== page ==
S$518,000 lost to concert scams in 2023, MHA urges public to be 'discerning'

Minister of State for Home Affairs Muhammad Faishal Ibrahim explained that a multi-faceted approach where all stakeholders work together is required to combat the scam.

Hannah Martens | August 02, 2023, 12:47 PM

Telegram Whatsapp

Minister of State for Home Affairs Muhammad Faishal Ibrahim revealed in Parliament on Aug. 2, 2023, that the total estimated loss in concert in concert ticket scams in 2023 as of Jul. 10 is S$518,000.

This was compared to the S$84,000 lost in 2018 and S$175,000 in 2022.

People's Action Party (PAP) Member of Parliament (MP) Desmond Choo's query on how the Ministry for Home Affairs will enhance measures to mitigate against scams on the purchase and reselling of tickets.

He explained that while MHA would be working on a multi-faceted approach to combat the scam, such as blocking scam content and enhancing the safeguards on digital platforms, he urged the public to adopt precautionary measures.

"Ultimately, the best defence against scams is a discerning public," Faishal concluded.

Increase in scams involving concert tickets

In July 2023, the Singapore Police Force (SPF) shared that at least 54 victims lost more than S$45,000 to scammers in less than a week after they tried to buy scalped concert tickets to Taylor Swift's The Eras Tour Singapore.

According to the police's weekly scams update on Jul. 14, 2023, e-commerce scams, including concert ticket scams, made it to the top five list of scams of concern when they did not make the list the week before.

The police shared their concern with the resurgence of concert ticket sales scams, with more artists performing in Singapore in 2023 and 2024.

SPF added that Twitter was the most common platform for victims falling prey to Taylor Swift concert ticket scams.

Other platforms scammers use are Carousell, Xiaohongshu, Telegram and Facebook.

One woman in Singapore was scammed into buying two Taylor Swift tickets for S$ 700 from a Carousell scalper, where the woman transferred the money to the seller but did not get her tickets or even a reply from the seller.

Another Malaysian engineer was scammed S$3,320 after being scammed into buying tickets for Taylor Swift's concert in Singapore.

After transferring the money to the scammer, he could not contact the seller to claim his purchased tickets.

SPF working closely with social media and e-commerce platforms to take down scam advertisements

Faishal shared in Parliament that victims come across advertisements for concert tickets on e-commerce websites or social media platforms, such as Carousell, Facebook, Telegram, and Twitter.

The victims will then approach the scammers to purchase the concert tickets, and scammers would often claim that the tickets are selling fast, pressuring the victims into making payments quickly. Once the scammers receive the payments, they claim they cannot transfer the tickets to the victim and become uncontactable. For some victims, victims may receive their tickets via email or WhatsApp only to find out on the concert day that the tickets are invalid.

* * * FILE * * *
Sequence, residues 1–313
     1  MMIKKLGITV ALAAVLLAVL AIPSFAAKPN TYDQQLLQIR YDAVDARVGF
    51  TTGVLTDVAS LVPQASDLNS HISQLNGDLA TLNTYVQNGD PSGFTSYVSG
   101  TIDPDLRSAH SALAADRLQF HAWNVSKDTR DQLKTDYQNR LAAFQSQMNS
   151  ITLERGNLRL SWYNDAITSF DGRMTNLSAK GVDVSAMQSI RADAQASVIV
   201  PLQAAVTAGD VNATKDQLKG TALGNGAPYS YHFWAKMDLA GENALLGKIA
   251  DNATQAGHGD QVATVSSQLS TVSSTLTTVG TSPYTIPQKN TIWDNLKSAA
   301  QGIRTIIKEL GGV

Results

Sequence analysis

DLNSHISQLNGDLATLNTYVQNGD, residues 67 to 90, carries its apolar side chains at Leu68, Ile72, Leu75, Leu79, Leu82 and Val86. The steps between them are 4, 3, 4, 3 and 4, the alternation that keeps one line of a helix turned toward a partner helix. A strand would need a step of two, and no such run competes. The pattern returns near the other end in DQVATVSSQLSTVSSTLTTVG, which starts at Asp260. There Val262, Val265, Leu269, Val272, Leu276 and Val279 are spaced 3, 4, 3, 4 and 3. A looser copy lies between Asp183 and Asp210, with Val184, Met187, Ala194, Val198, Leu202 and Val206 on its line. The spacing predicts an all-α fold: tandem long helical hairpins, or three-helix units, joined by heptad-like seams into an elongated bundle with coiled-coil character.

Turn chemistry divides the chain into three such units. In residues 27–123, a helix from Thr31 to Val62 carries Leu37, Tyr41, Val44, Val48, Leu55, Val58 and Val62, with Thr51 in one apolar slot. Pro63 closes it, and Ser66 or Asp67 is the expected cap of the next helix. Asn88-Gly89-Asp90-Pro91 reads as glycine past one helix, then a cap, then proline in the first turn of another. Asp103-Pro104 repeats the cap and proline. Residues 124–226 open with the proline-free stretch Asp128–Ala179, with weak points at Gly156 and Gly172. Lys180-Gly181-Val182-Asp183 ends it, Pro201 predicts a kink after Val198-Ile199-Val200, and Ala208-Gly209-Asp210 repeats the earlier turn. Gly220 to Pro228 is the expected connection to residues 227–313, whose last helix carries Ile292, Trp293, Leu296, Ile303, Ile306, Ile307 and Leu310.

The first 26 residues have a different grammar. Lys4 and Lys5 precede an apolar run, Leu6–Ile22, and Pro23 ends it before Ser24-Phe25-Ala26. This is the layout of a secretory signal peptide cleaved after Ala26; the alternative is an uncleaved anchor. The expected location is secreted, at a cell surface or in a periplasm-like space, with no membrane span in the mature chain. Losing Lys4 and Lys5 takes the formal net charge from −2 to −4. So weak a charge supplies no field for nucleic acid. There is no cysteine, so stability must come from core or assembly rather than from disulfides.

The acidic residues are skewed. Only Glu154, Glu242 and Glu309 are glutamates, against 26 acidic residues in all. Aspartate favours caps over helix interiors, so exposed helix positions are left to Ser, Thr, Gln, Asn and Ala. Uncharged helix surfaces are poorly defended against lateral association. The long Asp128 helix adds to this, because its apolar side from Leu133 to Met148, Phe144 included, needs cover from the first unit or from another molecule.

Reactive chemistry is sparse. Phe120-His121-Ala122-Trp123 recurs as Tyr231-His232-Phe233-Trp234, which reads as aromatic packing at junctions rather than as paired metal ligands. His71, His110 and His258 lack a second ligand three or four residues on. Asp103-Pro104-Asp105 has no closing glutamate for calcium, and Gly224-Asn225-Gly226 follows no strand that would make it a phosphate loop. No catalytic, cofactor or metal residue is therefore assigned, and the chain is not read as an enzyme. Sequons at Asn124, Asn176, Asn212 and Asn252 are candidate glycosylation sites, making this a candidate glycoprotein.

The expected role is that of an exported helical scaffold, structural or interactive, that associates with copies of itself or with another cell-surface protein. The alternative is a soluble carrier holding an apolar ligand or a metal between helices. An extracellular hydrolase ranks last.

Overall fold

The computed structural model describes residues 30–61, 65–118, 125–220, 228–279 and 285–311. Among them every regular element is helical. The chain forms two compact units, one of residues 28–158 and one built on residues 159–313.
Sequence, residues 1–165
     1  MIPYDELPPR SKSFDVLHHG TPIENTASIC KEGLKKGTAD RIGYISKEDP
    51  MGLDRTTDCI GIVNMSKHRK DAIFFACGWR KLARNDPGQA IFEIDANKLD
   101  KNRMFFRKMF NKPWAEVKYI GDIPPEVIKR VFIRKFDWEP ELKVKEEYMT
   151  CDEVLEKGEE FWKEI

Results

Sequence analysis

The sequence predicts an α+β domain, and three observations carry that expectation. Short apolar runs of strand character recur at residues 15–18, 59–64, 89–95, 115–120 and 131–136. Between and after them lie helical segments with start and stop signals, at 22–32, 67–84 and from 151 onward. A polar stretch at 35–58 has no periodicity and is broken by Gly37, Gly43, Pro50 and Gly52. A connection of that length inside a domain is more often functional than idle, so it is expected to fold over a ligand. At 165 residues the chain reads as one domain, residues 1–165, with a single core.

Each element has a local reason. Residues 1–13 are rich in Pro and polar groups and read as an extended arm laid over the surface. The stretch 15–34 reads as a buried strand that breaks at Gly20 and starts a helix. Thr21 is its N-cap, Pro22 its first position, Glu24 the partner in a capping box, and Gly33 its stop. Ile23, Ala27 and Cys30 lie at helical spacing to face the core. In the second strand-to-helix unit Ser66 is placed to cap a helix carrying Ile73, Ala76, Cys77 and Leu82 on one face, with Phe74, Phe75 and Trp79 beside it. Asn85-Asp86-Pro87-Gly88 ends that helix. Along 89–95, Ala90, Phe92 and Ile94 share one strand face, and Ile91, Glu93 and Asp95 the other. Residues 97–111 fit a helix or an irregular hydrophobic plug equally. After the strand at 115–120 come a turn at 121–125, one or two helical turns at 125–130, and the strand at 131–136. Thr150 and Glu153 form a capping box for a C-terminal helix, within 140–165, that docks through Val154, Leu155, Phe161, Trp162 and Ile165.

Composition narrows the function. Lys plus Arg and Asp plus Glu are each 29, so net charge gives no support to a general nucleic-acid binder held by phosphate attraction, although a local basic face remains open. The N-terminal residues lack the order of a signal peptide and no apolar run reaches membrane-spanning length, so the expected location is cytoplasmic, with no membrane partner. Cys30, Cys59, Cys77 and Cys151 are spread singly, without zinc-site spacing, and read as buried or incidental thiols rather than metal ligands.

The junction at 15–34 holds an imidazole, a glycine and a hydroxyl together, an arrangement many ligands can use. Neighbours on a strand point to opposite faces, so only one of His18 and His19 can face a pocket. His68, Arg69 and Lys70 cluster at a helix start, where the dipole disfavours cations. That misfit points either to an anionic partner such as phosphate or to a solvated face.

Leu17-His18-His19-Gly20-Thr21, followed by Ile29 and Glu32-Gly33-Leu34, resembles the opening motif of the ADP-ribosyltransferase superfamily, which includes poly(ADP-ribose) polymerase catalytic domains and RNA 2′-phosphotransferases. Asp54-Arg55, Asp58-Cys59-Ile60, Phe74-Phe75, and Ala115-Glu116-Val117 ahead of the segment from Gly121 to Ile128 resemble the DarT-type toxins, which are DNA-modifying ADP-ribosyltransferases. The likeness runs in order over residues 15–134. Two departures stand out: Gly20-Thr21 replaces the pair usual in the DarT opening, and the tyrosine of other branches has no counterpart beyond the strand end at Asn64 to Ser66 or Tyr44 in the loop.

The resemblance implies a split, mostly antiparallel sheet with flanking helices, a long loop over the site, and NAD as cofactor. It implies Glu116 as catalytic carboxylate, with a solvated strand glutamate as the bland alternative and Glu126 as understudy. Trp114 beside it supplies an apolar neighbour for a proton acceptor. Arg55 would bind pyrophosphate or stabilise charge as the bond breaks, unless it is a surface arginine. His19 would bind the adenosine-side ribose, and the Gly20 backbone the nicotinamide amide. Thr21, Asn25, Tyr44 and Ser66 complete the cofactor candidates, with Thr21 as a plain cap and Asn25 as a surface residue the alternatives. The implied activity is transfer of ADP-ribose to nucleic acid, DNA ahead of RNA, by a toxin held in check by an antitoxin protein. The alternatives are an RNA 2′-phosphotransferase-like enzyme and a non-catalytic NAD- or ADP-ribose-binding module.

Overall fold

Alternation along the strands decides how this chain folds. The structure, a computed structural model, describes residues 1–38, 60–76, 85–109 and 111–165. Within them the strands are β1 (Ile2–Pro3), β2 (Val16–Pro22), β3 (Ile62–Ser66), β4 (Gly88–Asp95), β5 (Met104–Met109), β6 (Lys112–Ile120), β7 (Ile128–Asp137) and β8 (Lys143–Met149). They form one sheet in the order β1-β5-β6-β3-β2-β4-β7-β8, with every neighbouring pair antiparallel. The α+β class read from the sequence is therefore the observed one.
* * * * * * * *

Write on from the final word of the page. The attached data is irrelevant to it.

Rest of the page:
As such, SPF will work closely with social media and e-commerce platforms to take down scam advertisements for concert tickets and accounts involved in such scams as soon as they are detected.

In addition, SPF will also be working with the platforms to prevent such scams from happening through pre-emptive detection and blocking of scam accounts.

Raise awareness of concern ticket scams

To raise awareness regarding concert ticket scams, SPF partnered with ticket retailers, concert organisers and online platforms to issue advisories to the public.

One example is that SingPost displayed such advisories on digital screens in their outlets so that people queuing at them could see them.

Ticketmaster placed similar advisories on their website.

E-commerce Marketplace Transaction Safety Ratings

The Inter-Ministry Committee on Scams launched the E-commerce Marketplace Transaction Safety Ratings (TSR) in May 2022, informing consumers of the anti-scam measures that major e-commerce marketplaces have in place.

Faishal encourages consumers to purchase only from marketplaces with better ratings.

He raised the example of Facebook Marketplace, which he said is rated the worst in the TSR as they have not implemented recommended safeguards despite repeated engagements. In comparison, Shopee and Carousell have stepped up their measures.

Faishal also pointed out that the Ministry of Home Affairs passed the Online Criminal Harms Act in July 2023, allowing the Government to issue Directions to online platforms to disable online criminal content and activities, including scam-related ones.

"Ultimately, the best defence against scams is a discerning public," Faishal emphasised.

MHA's tips for the public

Faishal urges the public to adopt precautionary measures through the three simple steps of “Add”, “Check”, and “Tell”:

First, “ADD” the ScamShield App, anti-virus software, and other security features, such as multifactor authentication for digital accounts and transaction limits for internet banking. When transacting online, use secured payment options, and never take transactions or payments off-platform;

Second, “CHECK” the seller's reviews and look for potential red flags when purchasing online. For concert tickets, only purchase from authorised sellers and legitimate resellers, such as Ticketmaster. Where possible, arrange for a physical meet-up with the seller to verify the authenticity of the tickets before making payment.

Third, “TELL” your family and friends about scam encounters, and report fraudulent advertisements to social media and e-commerce platforms and the authorities.

Related stories